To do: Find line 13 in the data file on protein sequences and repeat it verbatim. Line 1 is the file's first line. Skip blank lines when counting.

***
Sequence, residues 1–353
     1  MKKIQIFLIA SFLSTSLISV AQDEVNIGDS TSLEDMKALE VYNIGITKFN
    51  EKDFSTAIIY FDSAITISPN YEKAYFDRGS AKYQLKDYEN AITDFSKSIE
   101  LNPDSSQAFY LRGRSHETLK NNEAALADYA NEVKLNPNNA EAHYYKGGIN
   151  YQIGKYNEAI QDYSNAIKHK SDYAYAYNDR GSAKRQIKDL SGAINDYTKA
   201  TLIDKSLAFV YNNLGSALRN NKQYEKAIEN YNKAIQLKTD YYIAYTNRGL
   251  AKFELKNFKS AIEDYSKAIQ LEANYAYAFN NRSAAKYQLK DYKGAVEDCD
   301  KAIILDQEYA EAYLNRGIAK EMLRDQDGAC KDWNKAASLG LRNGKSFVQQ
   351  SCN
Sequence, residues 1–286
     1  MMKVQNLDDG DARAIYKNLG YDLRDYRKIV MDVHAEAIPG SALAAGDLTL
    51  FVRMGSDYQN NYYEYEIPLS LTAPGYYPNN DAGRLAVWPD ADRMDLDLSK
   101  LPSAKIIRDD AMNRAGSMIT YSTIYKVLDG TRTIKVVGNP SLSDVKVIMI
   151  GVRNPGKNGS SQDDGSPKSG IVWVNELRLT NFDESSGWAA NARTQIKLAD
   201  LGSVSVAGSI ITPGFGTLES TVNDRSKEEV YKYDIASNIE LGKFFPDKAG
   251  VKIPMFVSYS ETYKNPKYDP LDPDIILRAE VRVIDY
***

   101  LPSAKIIRDD AMNRAGSMIT YSTIYKVLDG TRTIKVVGNP SLSDVKVIMI